Local Treat | Wild Blackcaps

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black raspberries

If you look closely, you can see the hollowed out center. This is how you know you have a raspberry instead of a blackberry.

Early summer is one of my favorite times of the year.

Our house sits on land surrounded by creeks, trails, and a short road that connects our holler to the rest of the county. Now, imagine the areas surrounding our house lined with patches of arching brambles hanging with berries varying in color from green, to red, to purplish-black. These berries are locally known as black raspberries or blackcaps. Scientifically, they are known as Rubus occidentalis. 

If you aren’t sure if your bramble is a blackberry or a raspberry, simply pull one off. If pulling the berry creates a hollowed out center in the fruit, you have a raspberry. If there’s an edible core when pulled off the stem, you have a blackberry. 

little girl eating fresh blackcaps

My youngest going in for more “wasbewwies”.

Blackcaps are a wild, thorny shrub and are not often grown commercially due to their lower fruit yield. The dark pigments in these berries, also known as anthocyanins, make them rich in antioxidants. Regularly adding foods rich in antioxidants to a diet has many health benefits. Reducing inflammation, reducing type 2 diabetes, and lowering the chances of heart disease are just a few examples of what these little purple berries can do.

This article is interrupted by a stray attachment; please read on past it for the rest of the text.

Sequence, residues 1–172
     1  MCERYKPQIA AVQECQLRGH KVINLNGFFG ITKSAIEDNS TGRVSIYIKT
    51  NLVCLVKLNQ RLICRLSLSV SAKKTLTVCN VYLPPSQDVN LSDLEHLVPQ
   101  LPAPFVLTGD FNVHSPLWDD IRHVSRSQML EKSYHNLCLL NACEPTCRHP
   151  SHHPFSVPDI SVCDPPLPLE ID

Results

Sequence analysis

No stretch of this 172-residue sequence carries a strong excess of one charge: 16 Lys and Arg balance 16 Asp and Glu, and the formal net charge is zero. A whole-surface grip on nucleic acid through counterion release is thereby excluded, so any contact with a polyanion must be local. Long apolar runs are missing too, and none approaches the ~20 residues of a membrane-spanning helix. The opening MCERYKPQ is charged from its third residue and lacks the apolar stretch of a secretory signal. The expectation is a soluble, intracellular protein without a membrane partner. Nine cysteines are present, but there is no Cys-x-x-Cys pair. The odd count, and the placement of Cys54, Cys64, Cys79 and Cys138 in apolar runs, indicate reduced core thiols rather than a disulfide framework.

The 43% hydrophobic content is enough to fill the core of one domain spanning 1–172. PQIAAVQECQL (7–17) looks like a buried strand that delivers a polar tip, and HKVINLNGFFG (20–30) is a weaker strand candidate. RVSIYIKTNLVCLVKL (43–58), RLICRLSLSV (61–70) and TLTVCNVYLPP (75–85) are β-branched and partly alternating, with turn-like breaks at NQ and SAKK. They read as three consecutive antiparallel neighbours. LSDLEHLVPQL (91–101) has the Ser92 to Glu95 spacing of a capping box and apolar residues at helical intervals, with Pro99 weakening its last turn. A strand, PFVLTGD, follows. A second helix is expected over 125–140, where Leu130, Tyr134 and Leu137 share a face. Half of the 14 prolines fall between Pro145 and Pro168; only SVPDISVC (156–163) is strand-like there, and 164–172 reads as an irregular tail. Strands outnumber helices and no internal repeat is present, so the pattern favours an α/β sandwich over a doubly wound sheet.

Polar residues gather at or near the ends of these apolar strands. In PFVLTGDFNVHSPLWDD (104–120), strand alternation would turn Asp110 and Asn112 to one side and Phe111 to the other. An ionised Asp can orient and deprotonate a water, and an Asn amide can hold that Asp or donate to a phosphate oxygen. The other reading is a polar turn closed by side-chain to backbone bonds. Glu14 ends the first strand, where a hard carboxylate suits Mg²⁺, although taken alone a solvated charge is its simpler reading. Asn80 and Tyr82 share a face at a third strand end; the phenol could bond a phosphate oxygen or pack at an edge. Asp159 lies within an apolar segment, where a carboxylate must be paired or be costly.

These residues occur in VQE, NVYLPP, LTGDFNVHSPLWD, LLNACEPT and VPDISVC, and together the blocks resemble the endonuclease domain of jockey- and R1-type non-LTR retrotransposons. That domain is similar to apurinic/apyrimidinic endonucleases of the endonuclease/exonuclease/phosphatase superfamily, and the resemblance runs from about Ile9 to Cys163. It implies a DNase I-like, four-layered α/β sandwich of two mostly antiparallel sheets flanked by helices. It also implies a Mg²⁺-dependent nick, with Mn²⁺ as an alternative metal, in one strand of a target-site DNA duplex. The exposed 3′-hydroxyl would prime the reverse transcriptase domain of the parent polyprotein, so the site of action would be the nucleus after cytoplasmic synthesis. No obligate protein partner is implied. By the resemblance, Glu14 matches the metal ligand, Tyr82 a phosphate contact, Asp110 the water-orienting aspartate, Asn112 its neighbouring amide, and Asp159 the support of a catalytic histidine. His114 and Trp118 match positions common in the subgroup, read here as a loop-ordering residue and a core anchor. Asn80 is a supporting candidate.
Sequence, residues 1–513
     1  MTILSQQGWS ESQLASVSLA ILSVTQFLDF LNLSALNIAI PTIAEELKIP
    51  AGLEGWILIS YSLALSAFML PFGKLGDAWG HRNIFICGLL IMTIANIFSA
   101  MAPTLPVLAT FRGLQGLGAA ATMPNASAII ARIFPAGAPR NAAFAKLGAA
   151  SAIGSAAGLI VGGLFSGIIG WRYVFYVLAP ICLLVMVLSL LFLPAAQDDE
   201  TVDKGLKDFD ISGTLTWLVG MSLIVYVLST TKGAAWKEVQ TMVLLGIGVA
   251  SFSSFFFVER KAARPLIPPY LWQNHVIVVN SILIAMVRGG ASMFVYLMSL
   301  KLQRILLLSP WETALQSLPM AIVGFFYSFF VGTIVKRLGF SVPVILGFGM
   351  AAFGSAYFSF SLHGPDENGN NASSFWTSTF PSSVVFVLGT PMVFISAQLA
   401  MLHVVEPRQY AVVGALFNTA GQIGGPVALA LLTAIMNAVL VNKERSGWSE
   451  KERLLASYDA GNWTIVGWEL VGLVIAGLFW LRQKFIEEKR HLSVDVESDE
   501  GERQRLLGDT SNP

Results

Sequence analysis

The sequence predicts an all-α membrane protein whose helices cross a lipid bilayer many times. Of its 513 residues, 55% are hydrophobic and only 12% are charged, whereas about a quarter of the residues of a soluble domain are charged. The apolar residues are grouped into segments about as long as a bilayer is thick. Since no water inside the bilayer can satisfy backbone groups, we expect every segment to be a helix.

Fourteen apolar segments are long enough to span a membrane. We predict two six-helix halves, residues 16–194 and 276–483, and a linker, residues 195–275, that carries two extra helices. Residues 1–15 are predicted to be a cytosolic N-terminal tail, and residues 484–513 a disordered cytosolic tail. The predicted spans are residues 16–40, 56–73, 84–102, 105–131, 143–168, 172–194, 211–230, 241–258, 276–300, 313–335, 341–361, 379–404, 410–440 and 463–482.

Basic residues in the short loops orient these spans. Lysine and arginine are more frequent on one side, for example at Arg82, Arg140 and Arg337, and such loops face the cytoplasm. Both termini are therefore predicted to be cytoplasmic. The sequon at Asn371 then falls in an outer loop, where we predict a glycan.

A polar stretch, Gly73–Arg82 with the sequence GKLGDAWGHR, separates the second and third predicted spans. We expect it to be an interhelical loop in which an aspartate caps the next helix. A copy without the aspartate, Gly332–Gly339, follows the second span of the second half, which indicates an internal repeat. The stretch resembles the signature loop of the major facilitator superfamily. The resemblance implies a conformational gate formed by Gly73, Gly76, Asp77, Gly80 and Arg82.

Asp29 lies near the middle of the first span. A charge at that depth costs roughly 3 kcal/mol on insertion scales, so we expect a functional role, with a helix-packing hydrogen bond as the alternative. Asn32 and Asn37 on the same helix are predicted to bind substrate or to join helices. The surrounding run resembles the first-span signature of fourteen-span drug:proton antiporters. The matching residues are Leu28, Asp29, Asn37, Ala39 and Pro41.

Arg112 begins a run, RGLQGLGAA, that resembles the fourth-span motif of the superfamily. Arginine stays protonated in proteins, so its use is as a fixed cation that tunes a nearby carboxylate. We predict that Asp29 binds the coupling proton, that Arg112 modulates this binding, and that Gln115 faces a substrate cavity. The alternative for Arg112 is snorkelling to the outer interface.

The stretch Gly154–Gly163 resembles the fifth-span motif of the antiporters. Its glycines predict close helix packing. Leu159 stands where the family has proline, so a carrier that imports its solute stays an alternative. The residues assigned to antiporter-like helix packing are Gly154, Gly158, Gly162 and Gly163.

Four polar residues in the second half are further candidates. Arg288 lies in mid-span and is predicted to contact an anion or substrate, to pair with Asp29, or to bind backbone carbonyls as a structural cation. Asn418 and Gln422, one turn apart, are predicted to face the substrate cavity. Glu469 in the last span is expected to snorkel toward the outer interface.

Although the blackcap brambles may not produce as many berries as others, if you find a larger patch, you’ll be able to pick enough to experiment with in the kitchen. 

Blackcaps can be used in almost any recipe calling for red raspberries. The berries are seedier than other varieties, so keep that in mind when cooking with them. If you are patient, you can mash and strain the fruit enough to eliminate the bulk of the seeds. My favorite way to eat them is in jelly form on a warm, flaky biscuit. My neighbor prefers them scattered around on a bowl of ice cream. My girls enjoy them straight out of the bucket on the walk back to the house. 

Now that you know what to look for and what to do with them, grab a bucket, a long-sleeved shirt, your best bug spray, your family, and go foraging for these yummy berries. If you find a recipe that you love or a new creative way to use the berries, let us know!

NC State University’s Extension Gardener Handbook contains much more information on the bramble family, and you can quickly go to Google for all sorts of recipes utilizing the berries. Follow us on Facebook or Instagram for more helpful information!